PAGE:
TAX in­cluded

Ad­ding tax-plan­ning to your menu of ser­vices can help you re­tain clients and gain new ones

Investment Executive - - BUILDING YOUR BUSINESS - BY LEAH GOLOB

tax plan­ning is in­creas­ingly be­com­ing a cat­e­gory through which fi­nan­cial ad­vi­sors can en­hance the value of the ser­vices they pro­vide to their clients.

In fact, 58% of Cana­dian in­vestors said they would fire their ad­vi­sor in favour of another who could ad­vise them re­gard­ing the im­pact of taxes on their in­vest­ment port­fo­lio, ac­cord­ing to a re­cent sur­vey by Toronto-based NGAM Canada LP (a.k.a. Natixis Canada).

Clients are be­com­ing in­creas­ingly aware of the ef­fects that tax plan­ning has on their ac­counts and, as a re­sult, are look­ing to ad­vi­sors for tax ad­vice to save money.

“The ad­vi­sor of the fu­ture — in or­der to be suc­cess­ful — is go­ing to need to an­swer that call,” says Robert Han­del­man, vice pres­i­dent of wealth and tax with Natixis Canada. “Peo­ple care about how much [money] they keep at the end of the day.”

And, ac­cord­ing to Han­del­man, many ad­vi­sors are of­fer­ing only the “tip of the ice­berg” when pro­vid­ing ba­sic ad­vice about max­i­miz­ing RRSPs and TFSAs.

Other top­ics on which you can pro­vide tax-ef­fi­cient in­vest­ment ad­vice in­clude in­come split­ting with a lower-in­come spouse or child, char­i­ta­ble giv­ing and as­set al­lo­ca­tion, he says.

Re­gard­less of whether you have the ex­per­tise to pro­vide ad­vice on com­plex tax is­sues your­self, ad­dress­ing the topic in­di­cates to clients that you are con­sid­er­ing their tax-plan­ning needs.

“It’s an area in which the ad­vi­sor can brain­storm a few ideas, then col­lab­o­rate with an accountant to con­firm that they’re suit­able and ap­pro­pri­ate, and work within all of the rules,” says Brad Coutts, a char­tered pro­fes­sional accountant and fi­nan­cial plan­ner with Ni­cola Wealth Man­age­ment Ltd. in Van­cou­ver.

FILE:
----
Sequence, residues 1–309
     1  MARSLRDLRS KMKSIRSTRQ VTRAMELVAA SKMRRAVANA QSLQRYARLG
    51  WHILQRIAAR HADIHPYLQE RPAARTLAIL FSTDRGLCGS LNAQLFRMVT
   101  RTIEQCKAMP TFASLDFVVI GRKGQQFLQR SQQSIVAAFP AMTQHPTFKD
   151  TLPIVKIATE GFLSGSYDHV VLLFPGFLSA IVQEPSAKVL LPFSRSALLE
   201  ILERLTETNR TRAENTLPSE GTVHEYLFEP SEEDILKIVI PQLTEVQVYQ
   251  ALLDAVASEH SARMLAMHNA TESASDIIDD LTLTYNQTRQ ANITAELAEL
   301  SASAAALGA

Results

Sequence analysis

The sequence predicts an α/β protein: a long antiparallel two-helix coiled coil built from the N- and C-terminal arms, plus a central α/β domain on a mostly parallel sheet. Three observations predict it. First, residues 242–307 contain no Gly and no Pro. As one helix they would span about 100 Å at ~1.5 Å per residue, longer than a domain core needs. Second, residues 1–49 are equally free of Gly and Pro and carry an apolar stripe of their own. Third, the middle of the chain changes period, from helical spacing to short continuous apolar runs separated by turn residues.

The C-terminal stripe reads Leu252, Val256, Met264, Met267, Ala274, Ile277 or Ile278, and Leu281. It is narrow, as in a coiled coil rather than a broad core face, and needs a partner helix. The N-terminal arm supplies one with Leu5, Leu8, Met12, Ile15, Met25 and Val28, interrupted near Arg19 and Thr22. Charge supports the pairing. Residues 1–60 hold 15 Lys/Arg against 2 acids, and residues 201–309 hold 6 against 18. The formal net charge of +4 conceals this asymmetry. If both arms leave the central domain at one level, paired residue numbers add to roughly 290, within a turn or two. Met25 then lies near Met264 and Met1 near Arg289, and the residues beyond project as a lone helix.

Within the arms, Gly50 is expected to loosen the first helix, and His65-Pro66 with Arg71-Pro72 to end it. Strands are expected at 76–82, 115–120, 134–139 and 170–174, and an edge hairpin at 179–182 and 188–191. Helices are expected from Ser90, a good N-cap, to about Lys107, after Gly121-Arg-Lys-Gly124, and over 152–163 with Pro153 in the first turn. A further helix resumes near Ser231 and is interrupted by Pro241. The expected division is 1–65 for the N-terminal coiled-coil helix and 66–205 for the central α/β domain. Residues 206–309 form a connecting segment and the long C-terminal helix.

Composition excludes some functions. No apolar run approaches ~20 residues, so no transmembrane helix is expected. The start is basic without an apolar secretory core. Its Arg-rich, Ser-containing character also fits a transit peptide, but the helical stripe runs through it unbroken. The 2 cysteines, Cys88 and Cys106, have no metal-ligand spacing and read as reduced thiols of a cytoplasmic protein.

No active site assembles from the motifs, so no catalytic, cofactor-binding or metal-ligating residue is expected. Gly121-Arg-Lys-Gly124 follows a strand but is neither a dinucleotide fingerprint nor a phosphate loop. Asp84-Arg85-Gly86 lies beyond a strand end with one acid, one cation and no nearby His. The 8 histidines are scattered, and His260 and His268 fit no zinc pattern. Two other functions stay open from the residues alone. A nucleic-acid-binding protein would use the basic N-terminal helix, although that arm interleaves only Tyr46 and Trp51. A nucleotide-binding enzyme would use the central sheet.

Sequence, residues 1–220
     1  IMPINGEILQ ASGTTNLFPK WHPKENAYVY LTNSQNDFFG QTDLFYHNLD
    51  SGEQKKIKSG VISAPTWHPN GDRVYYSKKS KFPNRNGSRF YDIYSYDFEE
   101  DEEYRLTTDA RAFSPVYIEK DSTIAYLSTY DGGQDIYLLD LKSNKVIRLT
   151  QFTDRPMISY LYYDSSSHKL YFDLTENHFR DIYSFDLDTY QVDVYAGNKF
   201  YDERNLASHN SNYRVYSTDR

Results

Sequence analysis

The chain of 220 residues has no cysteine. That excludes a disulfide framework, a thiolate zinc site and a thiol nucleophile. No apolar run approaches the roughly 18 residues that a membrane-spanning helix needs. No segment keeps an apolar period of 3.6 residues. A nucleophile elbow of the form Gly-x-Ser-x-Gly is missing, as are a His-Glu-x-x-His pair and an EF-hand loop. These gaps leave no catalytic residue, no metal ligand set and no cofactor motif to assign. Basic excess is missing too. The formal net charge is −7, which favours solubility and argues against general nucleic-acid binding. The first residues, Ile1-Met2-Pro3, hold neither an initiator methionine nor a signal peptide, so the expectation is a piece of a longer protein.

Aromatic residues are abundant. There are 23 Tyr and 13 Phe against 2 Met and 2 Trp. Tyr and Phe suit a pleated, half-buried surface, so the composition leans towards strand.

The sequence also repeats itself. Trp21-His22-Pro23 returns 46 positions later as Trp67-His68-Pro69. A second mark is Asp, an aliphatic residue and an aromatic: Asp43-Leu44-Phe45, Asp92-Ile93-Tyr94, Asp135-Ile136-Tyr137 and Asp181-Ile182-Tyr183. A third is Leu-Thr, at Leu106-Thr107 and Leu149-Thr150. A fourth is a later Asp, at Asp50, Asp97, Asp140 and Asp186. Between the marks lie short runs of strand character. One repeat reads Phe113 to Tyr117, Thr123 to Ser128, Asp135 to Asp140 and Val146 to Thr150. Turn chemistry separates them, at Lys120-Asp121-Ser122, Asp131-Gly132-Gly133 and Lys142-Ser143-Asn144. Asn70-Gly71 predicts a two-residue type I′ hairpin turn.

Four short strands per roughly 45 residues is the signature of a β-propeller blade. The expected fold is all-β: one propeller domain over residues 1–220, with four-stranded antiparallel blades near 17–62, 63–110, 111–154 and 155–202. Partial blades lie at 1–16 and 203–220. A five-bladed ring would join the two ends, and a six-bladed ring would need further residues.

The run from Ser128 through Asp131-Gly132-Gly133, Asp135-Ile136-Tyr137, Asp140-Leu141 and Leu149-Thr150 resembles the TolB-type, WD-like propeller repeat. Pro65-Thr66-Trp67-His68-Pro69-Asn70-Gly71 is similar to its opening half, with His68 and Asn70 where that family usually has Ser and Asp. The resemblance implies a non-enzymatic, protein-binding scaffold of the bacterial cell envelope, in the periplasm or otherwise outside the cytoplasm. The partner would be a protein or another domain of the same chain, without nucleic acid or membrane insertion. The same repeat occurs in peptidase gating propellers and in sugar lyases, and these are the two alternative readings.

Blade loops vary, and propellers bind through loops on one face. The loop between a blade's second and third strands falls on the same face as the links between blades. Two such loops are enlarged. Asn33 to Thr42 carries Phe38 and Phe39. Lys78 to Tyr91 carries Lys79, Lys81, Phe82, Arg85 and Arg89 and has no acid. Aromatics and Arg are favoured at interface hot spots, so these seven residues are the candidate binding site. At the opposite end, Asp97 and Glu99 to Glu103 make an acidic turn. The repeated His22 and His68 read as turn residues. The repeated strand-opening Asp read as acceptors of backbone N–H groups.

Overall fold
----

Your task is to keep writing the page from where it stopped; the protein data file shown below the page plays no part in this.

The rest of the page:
Fur­ther, tax-re­lated in­vest­ment ad­vice is a cat­e­gory in which you can dif­fer­en­ti­ate your­self from robo-ad­vi­sors, Coutts adds.

And tax ad­vice is vi­tal for high net-worth clients. Wealthy clients can be par­tic­u­larly sen­si­tive about the amount of taxes they are pay­ing be­cause taxes rep­re­sent one of their big­gest bills of the year, says Rose­mary Hor­wood, vice pres­i­dent and in­vest­ment ad­vi­sor with Richard­son GMP Ltd. in Toronto.

Hor­wood rec­om­mends tack­ling the is­sue of tax plan­ning head-on with clients dur­ing the first meet­ing. If the topic doesn’t arise nat­u­rally, then bring it up.

con­nectwith your client’s tax pro­fes­sional

Of­ten, the first step in pro­vid­ing com­pre­hen­sive fi­nan­cial ad­vice is to ask if your client has an accountant, then for per­mis­sion to con­tact him or her.

Even when cre­at­ing a fi­nan­cial plan, giv­ing your client’s tax ad­vi­sor a phone call to dou­ble-check that the plan is ideal for your client’s fi­nan­cial sit­u­a­tion is a good idea, says Joanne Fer­gu­son, pres­i­dent and coach with Ad­vi­sor Path­ways Inc. in Toronto.